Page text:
Aspirin is one of the most well-known medications there is, a staple of generations of medicine cabinets. For years, it's been relied upon to quell aches and pains, and for some, to prevent cardiovascular problems. But recently, conventional advice about taking aspirin regularly has changed. The reasons involve what taking aspirin every day can do to your body. Read on to find out more—and to ensure your health and the health of others, don't miss these Sure Signs You've Already Had COVID.
Aspirin Can Reduce Inflammation
In 1899, aspirin became the first painkiller and fever reducer sold over the counter. It's highly effective in reducing pain and inflammation—it does this by switching off prostaglandins, the enzyme that controls aches and swelling. Technically, it's an NSAID (non-steroidal anti-inflammatory drug), the forerunner of modern drugs like Advil and Motrin.
Aspirin May Reduce Your Risk of Heart Attack or Stroke
If you've had a heart attack or stroke, your doctor may prescribe a low dose of aspirin to help prevent another. But you shouldn't take daily aspirin unless your doctor recommends it. Read on to find out why.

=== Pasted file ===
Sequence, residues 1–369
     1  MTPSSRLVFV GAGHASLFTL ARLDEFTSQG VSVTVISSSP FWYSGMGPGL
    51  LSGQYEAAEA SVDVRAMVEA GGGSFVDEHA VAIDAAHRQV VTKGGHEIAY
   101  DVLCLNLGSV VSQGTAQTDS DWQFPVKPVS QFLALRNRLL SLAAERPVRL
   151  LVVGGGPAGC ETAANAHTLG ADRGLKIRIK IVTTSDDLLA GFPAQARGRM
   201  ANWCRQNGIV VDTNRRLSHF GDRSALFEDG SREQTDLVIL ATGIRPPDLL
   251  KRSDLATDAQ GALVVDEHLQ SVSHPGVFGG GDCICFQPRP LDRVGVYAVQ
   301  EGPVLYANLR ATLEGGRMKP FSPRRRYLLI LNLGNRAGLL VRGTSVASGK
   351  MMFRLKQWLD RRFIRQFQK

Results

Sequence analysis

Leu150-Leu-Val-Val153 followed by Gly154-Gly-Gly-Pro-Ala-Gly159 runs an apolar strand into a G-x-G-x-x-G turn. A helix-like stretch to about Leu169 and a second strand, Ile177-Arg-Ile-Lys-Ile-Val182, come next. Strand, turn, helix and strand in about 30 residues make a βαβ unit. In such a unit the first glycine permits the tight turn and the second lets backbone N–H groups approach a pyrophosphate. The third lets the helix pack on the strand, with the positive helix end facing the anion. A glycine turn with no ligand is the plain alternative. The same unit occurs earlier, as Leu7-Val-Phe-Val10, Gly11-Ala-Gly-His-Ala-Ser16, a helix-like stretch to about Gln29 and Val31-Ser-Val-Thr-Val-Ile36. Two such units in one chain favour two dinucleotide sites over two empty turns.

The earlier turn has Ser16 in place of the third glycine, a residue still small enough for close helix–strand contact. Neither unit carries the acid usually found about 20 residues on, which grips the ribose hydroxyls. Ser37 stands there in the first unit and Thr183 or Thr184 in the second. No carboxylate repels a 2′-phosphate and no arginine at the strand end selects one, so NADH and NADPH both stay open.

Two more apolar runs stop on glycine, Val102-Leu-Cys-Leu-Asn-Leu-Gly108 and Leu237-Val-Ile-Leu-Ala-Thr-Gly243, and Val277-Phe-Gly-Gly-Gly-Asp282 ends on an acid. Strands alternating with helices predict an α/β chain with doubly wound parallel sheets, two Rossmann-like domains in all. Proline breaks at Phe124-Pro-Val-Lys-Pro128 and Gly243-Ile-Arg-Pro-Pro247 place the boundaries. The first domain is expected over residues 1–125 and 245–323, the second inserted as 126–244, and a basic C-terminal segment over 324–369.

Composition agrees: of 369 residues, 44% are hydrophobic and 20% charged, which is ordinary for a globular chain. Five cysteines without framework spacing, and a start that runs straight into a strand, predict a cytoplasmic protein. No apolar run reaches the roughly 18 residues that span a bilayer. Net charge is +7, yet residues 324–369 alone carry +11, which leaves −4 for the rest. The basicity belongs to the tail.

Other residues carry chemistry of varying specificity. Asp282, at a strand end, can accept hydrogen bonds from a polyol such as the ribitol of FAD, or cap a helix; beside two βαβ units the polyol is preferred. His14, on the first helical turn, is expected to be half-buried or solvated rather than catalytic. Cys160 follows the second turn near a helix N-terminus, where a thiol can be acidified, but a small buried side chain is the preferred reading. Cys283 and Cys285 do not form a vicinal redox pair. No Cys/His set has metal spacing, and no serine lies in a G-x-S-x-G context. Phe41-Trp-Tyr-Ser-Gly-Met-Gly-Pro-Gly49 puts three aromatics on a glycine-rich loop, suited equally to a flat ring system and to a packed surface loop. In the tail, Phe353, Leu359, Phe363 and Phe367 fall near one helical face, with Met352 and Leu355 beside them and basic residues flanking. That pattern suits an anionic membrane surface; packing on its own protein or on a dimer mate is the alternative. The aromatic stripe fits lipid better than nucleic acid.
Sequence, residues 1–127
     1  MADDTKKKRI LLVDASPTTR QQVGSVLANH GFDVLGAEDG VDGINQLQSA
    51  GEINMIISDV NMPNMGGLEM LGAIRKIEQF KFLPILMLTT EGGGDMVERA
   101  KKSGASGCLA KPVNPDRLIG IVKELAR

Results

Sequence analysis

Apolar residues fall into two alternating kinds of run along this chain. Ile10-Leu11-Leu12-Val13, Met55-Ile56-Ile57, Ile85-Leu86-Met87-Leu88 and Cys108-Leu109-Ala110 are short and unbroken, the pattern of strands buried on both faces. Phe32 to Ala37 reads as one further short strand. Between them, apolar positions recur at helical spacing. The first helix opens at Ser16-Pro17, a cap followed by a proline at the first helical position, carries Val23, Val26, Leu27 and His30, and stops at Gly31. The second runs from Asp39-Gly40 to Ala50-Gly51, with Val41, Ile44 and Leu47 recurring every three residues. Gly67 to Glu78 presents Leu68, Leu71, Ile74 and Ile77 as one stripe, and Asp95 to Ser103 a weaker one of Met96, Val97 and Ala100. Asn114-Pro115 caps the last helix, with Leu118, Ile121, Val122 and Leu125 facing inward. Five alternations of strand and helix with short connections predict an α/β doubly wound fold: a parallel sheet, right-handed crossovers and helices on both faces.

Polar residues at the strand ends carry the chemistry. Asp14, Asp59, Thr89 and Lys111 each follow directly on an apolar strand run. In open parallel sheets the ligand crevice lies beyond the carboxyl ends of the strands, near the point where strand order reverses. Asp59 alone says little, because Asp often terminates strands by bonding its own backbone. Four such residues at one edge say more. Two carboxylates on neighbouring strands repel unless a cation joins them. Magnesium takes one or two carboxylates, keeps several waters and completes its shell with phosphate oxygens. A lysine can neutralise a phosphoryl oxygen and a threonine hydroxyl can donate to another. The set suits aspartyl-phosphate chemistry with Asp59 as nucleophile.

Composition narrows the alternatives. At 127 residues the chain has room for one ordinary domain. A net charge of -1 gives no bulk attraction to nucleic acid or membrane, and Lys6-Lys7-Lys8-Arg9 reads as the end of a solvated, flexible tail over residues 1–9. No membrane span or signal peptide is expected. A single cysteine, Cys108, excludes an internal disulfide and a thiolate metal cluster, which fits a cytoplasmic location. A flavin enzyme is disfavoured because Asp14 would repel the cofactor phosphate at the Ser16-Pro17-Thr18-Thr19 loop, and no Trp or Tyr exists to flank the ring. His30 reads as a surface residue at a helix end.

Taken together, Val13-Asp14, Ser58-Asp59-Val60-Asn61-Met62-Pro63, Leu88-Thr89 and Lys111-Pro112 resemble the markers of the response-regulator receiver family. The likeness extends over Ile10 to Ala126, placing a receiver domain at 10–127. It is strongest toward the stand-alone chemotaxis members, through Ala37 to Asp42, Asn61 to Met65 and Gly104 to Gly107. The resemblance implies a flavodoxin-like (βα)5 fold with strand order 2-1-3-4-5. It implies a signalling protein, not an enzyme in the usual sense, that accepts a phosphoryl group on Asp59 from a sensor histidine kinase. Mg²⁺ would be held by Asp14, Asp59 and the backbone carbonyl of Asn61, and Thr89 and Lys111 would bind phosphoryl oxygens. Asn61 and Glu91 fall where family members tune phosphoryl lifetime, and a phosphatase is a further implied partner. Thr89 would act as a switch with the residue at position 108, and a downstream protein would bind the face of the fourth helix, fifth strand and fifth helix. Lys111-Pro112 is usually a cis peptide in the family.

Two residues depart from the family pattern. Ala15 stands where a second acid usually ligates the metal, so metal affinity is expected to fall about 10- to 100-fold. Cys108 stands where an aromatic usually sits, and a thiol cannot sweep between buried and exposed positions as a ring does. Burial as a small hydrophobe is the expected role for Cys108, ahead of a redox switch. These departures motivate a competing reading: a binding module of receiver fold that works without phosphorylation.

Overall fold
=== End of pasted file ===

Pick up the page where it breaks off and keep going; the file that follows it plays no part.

Aspirin May Increase Bleeding Risk
Earlier this year, the U.S. Preventive Services Task Force updated its recommendation about taking daily aspirin, which once was routinely recommended to reduce the risk of heart disease. But taking daily aspirin can increase the risk of serious bleeding, particularly in the stomach, intestines, and brain. Today, the USPSTF recommends that people older than 60 no longer start taking daily aspirin, and people aged 40 to 59 should take it on a case-by-case basis. The panel's recommendations don't apply to people who have been taking daily aspirin or have already had a heart attack. If you've been taking aspirin daily, talk with your doctor before making any changes to your routine.
Aspirin Can Cause Stomach Ulcers
Aspirin can irritate the lining of the stomach, causing pain, ulcers, and bleeding. That risk is higher in people who are older, have stomach ulcers, drink alcohol, or take blood-thinning medications.
Aspirin Can Serious Illness in Children and Teens
Experts say that children and teenagers recovering from chickenpox or flu-like symptoms should not be given aspirin. It can lead to Reye's Syndrome, a serious condition that causes swelling in the brain and liver damage. This usually affects children and teens recovering from a viral infection. And to protect your life and the lives of others, don't visit any of these 35 Places You're Most Likely to Catch COVID.